Congress shall make no laws …


From the Publisher/Arnold G. York

Rather than start the New Year with something controversial, I’ve decided to ease into 2005 with something simpler, like the role of religion in American political life.

The controversy over whether you say “Happy Holidays” or “Merry Christmas” “Cool Yule Man” (which I guess shows my age) always seemed to me to be kind of silly, because really all anyone is saying is, I feel good in this or that holiday season and I want to share it with you.

Part of my attitude, I suspect, comes from the fact I was raised in Flatbush, Brooklyn. In my part of Brooklyn there were really only two religions, Catholicism and Judaism, and both coexisted reasonably harmoniously, side by side. Protestants were people who lived across the Hudson somewhere on the other side of New Jersey, and no one gave them much thought because the chances were you were never going to meet one anyway unless your car broke down on the way to Florida. We shared religious holidays and, occasionally, I’ll confess, it got a little sticky. On Christmas Eve, for example, so many Jews headed for Midnight Mass at Saint Patrick’s Cathedral on 5th Avenue, the Catholics could barely get in. But aside from the occasionally interreligious flare-up, like the time Louie Cusinelli hit me with an elbow (to this day I still believe he did it on purpose) and knocked out one of my teeth while we were playing roller hockey in the park, the relationship between the two religions was relatively benign. Intrareligious strife, however, was a totally different thing. There were two major branches of the Roman Catholic Church in Brooklyn-the Italian Catholics, most from Southern Italy, and the Irish Catholics. Being co-religionist they, of course, hated each other. That was really my first introduction to religious warfare. In matters of faith, things seldom are what they appear, which is a long way around to get where I’m headed with this column.

Be careful about getting what you wish for or, to put it another way, when the government comes to you with its hands out and offers to help, as it is now with the religious community of America, the watch phrase should be, be careful, very careful.

There is currently a big push in Washington to help what they call the faith-based institutions primarily by directing money to them through federal programs, grants and, most recently, trying to get the states to dole out more of their money to these institutions. The opposition to this comes primarily from those institutions, like the ACLU, which want to keep church and state separate, and from some of the churches whose leaders don’t think it’s a very good idea. But the faithful in many places are enraged by the opposition. They see themselves as being treated as second-class citizens.

The battle revolves around what our sainted founders meant in the Constitution about the separation of church and state. The truth is, our founders were far from saintly and they were men of their times, men of affairs and, most of all, politicians. They included believers and non-believers, deists, theists and atheists, but there is one thing they all shared. They shared the experience of knowing about recent European history, which had spent centuries in religious wars. There had been schisms and counter-schisms and they didn’t wanted to replay that in America. In fact, they had already seen that type of thing in some of the colonies and I suspect they knew it could tear this new country apart, so they made a very conscious decision to get government out of the God business and essentially they put that into our law. But being very farsighted and astute, they didn’t define it too closely and left a little play in the language of the documents for future negotiations.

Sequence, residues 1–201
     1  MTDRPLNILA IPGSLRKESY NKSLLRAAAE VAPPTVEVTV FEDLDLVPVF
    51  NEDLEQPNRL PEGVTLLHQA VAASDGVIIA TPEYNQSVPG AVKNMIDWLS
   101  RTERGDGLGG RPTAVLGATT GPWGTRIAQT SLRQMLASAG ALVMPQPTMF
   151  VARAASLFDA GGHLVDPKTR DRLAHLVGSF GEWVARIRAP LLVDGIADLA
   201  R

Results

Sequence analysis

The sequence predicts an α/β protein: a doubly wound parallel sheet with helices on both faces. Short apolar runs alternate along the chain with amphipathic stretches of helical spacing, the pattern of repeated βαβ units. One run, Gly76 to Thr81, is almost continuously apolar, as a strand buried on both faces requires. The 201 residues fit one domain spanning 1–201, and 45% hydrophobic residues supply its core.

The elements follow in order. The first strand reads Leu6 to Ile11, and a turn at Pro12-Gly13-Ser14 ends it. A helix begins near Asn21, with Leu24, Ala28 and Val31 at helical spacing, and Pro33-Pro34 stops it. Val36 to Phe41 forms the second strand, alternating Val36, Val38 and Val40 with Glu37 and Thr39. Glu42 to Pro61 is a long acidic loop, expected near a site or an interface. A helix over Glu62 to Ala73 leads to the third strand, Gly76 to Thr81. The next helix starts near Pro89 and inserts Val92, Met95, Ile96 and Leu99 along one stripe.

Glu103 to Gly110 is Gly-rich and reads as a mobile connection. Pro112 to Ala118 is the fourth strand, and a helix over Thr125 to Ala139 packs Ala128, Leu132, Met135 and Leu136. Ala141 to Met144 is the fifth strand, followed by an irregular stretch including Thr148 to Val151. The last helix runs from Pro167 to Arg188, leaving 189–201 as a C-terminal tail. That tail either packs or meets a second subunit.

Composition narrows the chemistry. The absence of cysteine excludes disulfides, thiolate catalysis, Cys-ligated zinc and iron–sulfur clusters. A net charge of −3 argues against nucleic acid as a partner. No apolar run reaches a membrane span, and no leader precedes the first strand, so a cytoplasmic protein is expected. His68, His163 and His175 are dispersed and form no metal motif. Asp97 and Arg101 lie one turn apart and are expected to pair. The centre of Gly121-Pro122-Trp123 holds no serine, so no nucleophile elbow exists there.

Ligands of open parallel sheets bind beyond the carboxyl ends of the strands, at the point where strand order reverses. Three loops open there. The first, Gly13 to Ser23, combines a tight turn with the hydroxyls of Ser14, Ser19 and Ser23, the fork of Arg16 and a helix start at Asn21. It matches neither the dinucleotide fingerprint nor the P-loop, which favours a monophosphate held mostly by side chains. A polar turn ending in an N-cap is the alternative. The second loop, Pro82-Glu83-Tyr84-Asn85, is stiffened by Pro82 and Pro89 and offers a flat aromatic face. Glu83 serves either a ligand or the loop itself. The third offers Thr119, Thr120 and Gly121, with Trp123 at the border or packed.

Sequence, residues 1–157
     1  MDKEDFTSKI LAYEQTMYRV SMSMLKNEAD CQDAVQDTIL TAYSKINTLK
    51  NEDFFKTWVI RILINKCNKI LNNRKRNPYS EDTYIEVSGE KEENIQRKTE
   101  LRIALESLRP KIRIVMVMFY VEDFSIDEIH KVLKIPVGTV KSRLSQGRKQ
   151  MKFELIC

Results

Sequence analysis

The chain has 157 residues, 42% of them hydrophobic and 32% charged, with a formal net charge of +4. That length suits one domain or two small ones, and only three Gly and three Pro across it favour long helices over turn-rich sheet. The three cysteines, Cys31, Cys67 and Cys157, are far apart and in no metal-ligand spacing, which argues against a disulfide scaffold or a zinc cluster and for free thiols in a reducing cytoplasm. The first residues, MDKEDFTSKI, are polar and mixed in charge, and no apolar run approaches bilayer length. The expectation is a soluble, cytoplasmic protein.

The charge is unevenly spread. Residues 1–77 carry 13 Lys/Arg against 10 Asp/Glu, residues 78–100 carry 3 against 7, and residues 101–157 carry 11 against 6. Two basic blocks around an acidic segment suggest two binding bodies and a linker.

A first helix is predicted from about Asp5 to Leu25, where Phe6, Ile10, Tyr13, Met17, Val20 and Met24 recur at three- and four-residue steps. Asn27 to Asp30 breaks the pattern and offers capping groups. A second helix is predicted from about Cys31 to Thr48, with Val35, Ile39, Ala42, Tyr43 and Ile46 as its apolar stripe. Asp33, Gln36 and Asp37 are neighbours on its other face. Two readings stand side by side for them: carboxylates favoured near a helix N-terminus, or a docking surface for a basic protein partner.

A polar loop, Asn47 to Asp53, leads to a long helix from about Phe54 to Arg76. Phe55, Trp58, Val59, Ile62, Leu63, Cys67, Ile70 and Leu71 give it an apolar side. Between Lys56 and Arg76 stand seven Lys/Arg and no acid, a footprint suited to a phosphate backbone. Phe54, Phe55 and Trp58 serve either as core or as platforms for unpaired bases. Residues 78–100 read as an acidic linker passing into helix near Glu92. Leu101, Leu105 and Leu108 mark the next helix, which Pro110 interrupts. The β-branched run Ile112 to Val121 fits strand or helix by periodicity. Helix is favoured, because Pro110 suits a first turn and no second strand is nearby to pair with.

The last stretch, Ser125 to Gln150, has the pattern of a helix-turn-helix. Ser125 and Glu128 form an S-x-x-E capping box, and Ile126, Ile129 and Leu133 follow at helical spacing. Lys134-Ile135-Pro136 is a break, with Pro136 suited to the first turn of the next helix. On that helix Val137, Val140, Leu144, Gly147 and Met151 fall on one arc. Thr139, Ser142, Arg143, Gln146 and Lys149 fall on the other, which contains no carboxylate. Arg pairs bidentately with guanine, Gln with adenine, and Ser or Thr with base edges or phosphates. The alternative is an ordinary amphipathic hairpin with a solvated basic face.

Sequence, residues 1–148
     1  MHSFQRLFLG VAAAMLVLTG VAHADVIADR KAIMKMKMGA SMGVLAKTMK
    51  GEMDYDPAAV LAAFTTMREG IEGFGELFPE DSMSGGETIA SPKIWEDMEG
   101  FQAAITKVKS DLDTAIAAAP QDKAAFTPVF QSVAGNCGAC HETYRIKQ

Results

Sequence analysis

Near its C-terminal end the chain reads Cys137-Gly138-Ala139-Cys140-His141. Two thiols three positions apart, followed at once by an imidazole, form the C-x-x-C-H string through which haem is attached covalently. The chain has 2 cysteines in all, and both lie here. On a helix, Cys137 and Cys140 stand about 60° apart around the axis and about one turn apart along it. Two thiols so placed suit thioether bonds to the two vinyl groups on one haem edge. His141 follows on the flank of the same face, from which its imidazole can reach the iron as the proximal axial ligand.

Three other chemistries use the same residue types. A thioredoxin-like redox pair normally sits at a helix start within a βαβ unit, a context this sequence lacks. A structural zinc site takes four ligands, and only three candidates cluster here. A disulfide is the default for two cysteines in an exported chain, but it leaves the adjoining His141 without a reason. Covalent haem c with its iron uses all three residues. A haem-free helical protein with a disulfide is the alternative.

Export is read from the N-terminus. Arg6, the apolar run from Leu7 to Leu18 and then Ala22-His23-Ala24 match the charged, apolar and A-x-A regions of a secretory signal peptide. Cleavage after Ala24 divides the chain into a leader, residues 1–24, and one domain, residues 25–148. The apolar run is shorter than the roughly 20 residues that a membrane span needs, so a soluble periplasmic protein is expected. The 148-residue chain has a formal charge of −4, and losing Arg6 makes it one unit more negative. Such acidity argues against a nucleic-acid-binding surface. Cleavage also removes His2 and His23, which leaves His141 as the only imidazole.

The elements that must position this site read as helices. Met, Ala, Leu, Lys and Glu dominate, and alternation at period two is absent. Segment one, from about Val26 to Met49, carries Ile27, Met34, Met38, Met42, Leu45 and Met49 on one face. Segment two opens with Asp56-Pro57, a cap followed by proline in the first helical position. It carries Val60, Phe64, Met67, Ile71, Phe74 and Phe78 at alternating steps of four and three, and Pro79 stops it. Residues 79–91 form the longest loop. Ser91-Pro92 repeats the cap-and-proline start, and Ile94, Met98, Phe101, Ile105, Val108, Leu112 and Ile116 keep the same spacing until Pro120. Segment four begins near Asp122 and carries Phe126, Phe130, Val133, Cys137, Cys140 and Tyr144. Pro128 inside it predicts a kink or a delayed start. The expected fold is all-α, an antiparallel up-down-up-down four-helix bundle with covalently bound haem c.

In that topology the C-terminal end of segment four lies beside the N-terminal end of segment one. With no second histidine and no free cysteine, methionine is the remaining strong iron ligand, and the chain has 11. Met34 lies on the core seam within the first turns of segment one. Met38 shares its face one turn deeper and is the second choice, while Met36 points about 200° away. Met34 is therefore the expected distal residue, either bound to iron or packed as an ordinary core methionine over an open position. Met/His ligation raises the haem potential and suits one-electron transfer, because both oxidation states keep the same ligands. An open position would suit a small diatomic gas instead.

What I think we’ve forgotten today is that government is always happy to help out religion. Every politician wants God on his campaign team and is only too willing to dip into the kitty to help. But government really is about politics, and getting elected and staying in office. And when you take a politician’s support and their money, there are great deals of other things that come with it.

What do I mean?

For one thing, in nothing flat you become dependent on their money. It’s easy to rationalize; after all, you’re doing good works with that money. Then something happens and the government wants support on something, and there it is. The support may be for the war in Iraq, or perhaps changing Medicare or the Social Security system, or for supporting a candidate. It’s, “Go along, help us, or your money may get cut off.” So you go along and soften your opposition, or endorse something you’re against for the greater good. Now some of your people start protesting that you’re selling out, so you purge them and schisms begin in the church and parts split off. It’s a very slippery slope and governments are very good at corrupting things. The church doesn’t end up bringing morality to government, in fact, the opposite happens, the government corrupts the church.

Probably most of all, religion is about faith and belief. Most people don’t have much give and take when it comes to matters of their faith. For most of us, and I include myself, in religious matters there is not a great deal of flexibility. Government and governing is all about flexibility. The two institutions are, to a great extent, incompatible, which is why I believe the founders kept them separate. To my mind it is still a good idea.